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C# 10 Roadmap βœ… Exposing NEW features

Dotnetsafer
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・4 min read

πŸ”„ About the possible new features of C#Β 10

A few days ago Mads Torgersen, the lead designer of the C# language at Microsoft, outlined the cool new things that C# 10 will have.
One of the biggest benefits of open source software is being able to see how your project evolves over time as the days go by. With this we want to refer to the same C#, since we can follow its progress on GitHub and see its main news.

C# 10 new features explained


βœ… Possible new C# 10Β features

πŸ”Ό C# 10 Required properties

Previously, to ensure that objects were created correctly, class constructors were always used. Today we have the possibility of using lighter constructions, such as the self-implemented properties as in this registry πŸ‘‡

public record Employee
 {
  public string Name { get; init; }
  public decimal Salary { get; init; }
  public DateTime Date{ get; init; }
 }
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When instantiating lightweight objects, we always prefer to do it quickly with the object initializer syntax πŸ‘‡

var theNewGuy = new Employee
 {
  Name = "Chris Smith",
  Salary = 1000m,
  Date = DateTime.Now()
 };
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Okay

But what if the object doesn't make sense until some properties are set? πŸ€”

You could add a constructor, but you would have to add more standard text. Apart from copying parameter values to properties.
In C# 10 this problem disappears πŸ‘‡

public record Employee
 {
  public required string Name { get; init; }
  public decimal Salary { get; init; }
  public DateTime Date{ get; init; }
 }
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πŸ”Ό C# 10 File-level namespaces

Any C# programmer knows that even the simplest program uses a block structure for namespaces πŸ‘‡

namespace HelloWorld
 {
  class Hello
  { 
  static void Main(string[] args)
  {
  System.Console.WriteLine("Hello World!");
  }
  }
 }
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This is very flexible as you can overlap namespaces by simply nesting blocks. The only problem is that we add a bit of extra indentation when compared to other languages like Java or JavaScript.

The question we ask ourselves at this point is:

Is it possible to keep that functionality, but at the same time reduce excess indentation? πŸ€”

Yes βœ…

How is it possible? πŸ€”

It just opened that when entering file-scoped namespaces, this would allow setting a default namespace that would automatically apply to the entire file by removing the indentation πŸ‘‡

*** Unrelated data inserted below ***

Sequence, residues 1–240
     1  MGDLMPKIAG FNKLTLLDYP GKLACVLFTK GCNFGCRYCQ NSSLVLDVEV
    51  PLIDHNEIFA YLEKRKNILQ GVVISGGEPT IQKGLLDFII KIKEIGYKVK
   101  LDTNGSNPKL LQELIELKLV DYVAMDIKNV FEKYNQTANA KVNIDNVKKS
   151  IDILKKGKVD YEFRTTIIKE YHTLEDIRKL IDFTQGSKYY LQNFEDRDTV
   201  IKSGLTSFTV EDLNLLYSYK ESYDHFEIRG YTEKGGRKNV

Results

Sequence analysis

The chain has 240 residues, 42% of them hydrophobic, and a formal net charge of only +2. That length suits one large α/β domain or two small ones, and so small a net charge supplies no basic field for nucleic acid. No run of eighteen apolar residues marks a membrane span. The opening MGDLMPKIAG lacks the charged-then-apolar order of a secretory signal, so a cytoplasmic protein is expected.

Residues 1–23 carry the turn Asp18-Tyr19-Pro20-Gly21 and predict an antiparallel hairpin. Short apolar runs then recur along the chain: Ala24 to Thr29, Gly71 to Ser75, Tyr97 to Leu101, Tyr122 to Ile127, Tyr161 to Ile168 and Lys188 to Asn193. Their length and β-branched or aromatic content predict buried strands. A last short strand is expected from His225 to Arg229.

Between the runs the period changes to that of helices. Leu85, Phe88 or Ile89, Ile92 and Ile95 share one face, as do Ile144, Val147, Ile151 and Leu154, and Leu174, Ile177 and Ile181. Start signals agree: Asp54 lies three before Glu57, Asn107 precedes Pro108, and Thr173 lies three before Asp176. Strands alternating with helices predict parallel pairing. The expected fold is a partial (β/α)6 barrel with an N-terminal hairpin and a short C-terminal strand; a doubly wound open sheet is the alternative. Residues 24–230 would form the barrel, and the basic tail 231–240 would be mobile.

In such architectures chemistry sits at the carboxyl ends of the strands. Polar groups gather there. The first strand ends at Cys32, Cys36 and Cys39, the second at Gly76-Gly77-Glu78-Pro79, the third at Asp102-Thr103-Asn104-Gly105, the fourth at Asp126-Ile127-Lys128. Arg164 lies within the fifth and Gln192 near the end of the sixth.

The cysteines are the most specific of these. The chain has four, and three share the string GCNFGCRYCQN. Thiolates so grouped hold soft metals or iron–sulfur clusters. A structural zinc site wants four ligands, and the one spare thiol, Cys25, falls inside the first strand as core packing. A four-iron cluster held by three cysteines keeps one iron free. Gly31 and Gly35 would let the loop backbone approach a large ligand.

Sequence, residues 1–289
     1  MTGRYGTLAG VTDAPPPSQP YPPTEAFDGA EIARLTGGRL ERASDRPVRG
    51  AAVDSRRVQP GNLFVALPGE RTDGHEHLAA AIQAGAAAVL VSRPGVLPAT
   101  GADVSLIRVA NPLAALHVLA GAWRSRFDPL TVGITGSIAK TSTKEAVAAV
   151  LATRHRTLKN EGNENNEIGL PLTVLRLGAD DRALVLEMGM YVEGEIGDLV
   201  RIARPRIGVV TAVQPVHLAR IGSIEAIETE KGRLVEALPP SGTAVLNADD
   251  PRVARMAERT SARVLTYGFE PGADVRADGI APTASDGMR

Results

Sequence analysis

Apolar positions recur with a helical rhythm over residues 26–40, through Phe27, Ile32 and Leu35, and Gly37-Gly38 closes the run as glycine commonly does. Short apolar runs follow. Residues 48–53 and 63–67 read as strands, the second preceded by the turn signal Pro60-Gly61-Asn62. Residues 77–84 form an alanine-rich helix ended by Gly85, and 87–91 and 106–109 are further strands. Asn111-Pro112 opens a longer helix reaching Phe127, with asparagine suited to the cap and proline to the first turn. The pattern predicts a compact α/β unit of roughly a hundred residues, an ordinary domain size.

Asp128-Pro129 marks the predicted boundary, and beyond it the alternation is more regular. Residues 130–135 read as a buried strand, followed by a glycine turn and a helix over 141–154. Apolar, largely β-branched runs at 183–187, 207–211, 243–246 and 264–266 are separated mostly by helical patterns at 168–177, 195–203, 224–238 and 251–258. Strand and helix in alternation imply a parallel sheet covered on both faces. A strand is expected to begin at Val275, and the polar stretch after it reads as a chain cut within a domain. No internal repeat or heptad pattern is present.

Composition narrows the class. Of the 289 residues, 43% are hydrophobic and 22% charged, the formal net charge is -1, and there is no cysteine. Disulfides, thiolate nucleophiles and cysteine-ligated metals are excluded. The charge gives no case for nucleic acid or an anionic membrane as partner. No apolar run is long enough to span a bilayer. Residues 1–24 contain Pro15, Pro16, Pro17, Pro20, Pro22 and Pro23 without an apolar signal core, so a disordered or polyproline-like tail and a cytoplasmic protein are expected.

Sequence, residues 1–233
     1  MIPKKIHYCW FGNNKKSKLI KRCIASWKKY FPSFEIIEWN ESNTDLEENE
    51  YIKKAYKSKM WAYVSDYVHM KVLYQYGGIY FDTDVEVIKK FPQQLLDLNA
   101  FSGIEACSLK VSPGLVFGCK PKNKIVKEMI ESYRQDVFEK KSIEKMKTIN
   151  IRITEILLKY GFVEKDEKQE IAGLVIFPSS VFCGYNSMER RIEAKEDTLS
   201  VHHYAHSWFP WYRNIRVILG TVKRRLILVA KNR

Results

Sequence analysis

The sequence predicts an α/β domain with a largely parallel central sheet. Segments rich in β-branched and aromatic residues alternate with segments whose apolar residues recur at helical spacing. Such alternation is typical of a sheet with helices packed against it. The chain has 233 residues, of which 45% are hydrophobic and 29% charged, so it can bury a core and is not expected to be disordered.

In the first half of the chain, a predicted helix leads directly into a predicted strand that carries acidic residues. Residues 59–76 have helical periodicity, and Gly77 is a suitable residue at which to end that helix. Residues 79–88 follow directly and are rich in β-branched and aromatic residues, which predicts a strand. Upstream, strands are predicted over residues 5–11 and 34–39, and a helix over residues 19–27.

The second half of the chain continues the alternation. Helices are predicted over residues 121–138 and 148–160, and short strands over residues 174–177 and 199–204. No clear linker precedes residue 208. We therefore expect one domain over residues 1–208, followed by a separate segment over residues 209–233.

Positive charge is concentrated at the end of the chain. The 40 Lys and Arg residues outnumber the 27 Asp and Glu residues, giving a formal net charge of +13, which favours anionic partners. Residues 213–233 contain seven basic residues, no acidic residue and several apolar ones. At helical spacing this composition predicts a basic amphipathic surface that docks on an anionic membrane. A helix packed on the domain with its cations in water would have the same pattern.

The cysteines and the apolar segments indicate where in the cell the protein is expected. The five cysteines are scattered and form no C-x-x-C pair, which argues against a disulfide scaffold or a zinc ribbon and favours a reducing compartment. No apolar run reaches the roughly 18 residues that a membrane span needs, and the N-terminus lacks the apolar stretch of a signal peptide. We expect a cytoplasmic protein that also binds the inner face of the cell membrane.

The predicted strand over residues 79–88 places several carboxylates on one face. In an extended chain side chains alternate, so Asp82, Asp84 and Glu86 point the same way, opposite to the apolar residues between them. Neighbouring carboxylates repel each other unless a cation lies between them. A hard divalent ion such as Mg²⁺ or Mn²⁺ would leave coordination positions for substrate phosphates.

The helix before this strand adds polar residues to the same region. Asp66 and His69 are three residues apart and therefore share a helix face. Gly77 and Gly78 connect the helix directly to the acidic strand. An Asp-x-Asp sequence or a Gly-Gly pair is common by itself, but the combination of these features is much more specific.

NameSpace HelloWorld; public class Hello 
 { 
 static void Main (string [] args) 
 { 
 System.Console.WriteLine ("Β‘Hello World!"); 
 } 
 }
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Suppose we add a namespace block to a file using a file scoped namespace, just create a nested namespace.

Let's look at a quick example πŸ‘‡

namespace Company.Product;
 Company.Product.Componentnamespace Component{
 }
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πŸ”Ό C# 10 FieldΒ keyword

After quite some time, the entire C# development team has managed to optimize the code. Self-deployed properties are great, but they can only take you so far.

Many times you are forced to add the backing field to your class and write the property methods as usual.

In the C# 10 new features, there is a new backdoor with the field keyword, which exposes the automatically created backing field πŸ‘‡

public record Employee
 {
 public required string Name { get; init; }
 public decimal Salary { get; init; }
 public DateTime Date{ get; init => field = value.Date(); }
 }
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The cleaning code looks very good, very simple and almost declarative. The best part is that you can use the field keyword to access the backing field in any process, be it set, init, or get.

Let's see how a property would be valid in an ordinary class πŸ‘‡

private string _firstName;public string Name
{
 get
 {
 return _tName;
 }
 set
 {
 if (value.Trim() == "")
 throw new ArgumentException("No blank strings");_Name = value;
}
}
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Now you can use an autoimplemented property and field πŸ‘‡

public string tName {get;
    set
    {
        if (value.Trim() == "")
            throw new ArgumentException("No blank strings");        field = value;
    }
}
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This is as long as there is no need to change the data type, as there is no need to declare the backing field.